Law students seek ethnic education



    While many believe that race discrimination is something of the past, many minorities still struggle to overcome the obstacles placed on their ethnicity. The BYU Minority Law School Association is dedicated to educating people of all color about the value of diversity.

    “I haven’t encountered any racism in my own life,” said Aimee Martinez, first year law student from Ogden and president-elect for the association. “But I have noticed discrimination toward other minorities.”

    The Minority Law School Association is an organization supported by the J. Reuben Clark Law School that represents the ethnic groups of the law school and tries to educate other students about diversity. The association promotes the status of minorities through various activities and service throughout the community.

    “There are many obstacles that minorities are confronted with even in today’s world,” Martinez said. “Even though I have not experienced much discrimination in my own life, working in minority organizations has helped me become more aware of the discrimination that occurs.”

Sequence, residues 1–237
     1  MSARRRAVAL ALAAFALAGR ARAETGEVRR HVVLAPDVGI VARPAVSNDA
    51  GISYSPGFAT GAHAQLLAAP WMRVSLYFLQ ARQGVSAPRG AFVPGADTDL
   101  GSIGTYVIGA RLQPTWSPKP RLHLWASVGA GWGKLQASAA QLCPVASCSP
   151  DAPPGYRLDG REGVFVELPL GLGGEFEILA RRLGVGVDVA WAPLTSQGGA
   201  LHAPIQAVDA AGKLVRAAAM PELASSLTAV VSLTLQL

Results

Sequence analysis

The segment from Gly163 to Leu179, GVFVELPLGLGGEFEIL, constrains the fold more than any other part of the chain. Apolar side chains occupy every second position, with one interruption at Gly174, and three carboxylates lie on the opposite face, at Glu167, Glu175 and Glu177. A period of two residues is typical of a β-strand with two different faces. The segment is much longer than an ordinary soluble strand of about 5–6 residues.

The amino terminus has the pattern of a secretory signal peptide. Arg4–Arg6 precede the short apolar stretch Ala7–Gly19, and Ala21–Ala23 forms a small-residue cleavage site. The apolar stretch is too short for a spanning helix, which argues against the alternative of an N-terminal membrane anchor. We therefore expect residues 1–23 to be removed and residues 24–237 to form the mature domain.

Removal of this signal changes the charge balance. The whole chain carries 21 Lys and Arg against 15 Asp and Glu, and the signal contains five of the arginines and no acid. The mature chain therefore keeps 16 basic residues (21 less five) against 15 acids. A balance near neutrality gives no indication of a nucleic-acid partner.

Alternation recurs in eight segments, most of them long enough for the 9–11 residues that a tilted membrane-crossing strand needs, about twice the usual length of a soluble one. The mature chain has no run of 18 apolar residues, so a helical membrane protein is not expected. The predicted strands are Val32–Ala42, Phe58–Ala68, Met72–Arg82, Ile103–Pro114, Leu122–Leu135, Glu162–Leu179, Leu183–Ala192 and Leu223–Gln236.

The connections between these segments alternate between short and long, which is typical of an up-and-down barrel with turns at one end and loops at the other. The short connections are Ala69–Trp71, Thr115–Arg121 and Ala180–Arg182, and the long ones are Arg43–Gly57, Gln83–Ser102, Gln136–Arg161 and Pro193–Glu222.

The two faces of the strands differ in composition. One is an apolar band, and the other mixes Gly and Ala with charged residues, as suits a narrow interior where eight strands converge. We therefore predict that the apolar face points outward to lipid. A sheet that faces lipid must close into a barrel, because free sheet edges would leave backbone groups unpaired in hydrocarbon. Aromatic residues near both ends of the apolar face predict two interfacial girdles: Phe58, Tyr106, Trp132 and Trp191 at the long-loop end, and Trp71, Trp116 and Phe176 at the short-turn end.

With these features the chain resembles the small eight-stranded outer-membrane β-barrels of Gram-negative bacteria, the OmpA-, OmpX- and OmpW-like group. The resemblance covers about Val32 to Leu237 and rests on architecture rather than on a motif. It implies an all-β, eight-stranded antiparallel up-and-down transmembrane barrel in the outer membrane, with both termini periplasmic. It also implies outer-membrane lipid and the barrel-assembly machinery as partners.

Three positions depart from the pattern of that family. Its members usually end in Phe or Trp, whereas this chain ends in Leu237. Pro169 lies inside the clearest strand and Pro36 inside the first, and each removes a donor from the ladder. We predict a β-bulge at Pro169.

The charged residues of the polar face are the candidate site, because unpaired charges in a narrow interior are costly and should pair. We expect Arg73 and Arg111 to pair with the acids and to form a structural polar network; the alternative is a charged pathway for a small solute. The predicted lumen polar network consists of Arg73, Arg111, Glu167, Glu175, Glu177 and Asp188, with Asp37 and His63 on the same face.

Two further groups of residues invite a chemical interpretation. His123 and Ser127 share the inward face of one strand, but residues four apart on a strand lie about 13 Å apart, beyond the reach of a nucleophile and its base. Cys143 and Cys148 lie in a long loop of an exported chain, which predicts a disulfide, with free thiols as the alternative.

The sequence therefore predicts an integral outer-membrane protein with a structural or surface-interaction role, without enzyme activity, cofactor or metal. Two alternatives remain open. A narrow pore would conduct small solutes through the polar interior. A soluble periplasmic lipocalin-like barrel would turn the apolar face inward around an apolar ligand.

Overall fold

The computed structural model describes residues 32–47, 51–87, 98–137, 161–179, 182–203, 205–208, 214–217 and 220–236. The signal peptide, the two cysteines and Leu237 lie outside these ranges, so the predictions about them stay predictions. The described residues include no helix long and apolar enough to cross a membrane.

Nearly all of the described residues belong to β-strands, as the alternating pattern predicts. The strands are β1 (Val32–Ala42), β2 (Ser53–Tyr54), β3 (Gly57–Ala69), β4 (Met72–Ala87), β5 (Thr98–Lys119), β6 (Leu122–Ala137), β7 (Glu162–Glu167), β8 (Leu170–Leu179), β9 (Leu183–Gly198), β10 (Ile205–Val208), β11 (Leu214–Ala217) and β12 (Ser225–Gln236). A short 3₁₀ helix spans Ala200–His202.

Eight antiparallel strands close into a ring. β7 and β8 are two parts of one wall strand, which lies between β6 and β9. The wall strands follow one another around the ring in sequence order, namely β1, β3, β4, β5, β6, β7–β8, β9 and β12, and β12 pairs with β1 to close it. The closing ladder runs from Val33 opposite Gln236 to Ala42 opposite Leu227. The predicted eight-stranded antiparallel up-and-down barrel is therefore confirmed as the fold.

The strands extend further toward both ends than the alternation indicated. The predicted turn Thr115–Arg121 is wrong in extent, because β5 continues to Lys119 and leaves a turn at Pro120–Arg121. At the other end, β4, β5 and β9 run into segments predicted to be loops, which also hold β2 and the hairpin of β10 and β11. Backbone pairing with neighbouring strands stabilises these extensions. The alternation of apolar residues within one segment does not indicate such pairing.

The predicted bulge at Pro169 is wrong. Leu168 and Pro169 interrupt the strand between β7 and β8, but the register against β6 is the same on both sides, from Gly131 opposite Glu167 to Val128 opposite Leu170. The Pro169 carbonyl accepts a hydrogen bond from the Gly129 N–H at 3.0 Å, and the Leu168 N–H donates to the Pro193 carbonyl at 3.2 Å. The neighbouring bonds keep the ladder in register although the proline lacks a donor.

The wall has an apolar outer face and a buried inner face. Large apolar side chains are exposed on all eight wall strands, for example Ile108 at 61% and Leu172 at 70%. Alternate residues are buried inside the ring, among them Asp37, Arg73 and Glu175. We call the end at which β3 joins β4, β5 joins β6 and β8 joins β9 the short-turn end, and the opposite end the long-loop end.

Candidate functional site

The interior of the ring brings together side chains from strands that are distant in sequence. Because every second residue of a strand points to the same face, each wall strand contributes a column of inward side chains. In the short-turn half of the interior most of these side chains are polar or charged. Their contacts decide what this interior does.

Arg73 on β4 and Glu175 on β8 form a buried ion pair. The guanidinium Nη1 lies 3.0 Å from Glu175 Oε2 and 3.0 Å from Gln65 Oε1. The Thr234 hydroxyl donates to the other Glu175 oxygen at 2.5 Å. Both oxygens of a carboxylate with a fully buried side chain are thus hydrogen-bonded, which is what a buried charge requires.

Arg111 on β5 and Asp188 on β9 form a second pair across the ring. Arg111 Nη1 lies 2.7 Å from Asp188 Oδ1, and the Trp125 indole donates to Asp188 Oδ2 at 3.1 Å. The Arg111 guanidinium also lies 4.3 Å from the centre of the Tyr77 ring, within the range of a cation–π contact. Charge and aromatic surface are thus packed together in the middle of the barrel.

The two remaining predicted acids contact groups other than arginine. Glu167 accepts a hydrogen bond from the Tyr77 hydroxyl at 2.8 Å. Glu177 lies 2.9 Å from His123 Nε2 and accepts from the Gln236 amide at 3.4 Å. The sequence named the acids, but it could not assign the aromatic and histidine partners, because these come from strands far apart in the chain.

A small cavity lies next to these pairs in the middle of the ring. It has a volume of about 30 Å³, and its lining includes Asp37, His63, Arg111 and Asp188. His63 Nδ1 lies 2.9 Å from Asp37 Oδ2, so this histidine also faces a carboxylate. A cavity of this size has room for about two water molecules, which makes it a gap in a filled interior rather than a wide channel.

The Minority Law School Association tries to battle discrimination by educating people. Education is the only way to break down the doors of ignorance, but it is difficult to educate those people who don’t want to be educated, Martinez said.

    For years the association has been working toward this goal. It has changed in various ways to better achieve this objective.

    Martinez is currently serving as co-president with Melissa Flores, a third-year law student who served as president last year. As president-elect, Martinez would like to make the association become more accessible to people of all races.

    “As president I would like to open the association to everyone at the law school, not just minorities, and educate people of how their differences in backgrounds and experiences can enhance and supplement their education,” Martinez said.

    “My ethnic background and upbringing gives me a different perspective on life. It brings a different outlook and adds to and enhances the whole. I’ve learned that everyone is able to contribute to the whole in a different, but equally valuable way because of life’s experiences,” Martinez said.

    The Minority Law School Association is not just for minorities. It is open to anyone who desires to learn more about people’s lifestyles, culture and beliefs.

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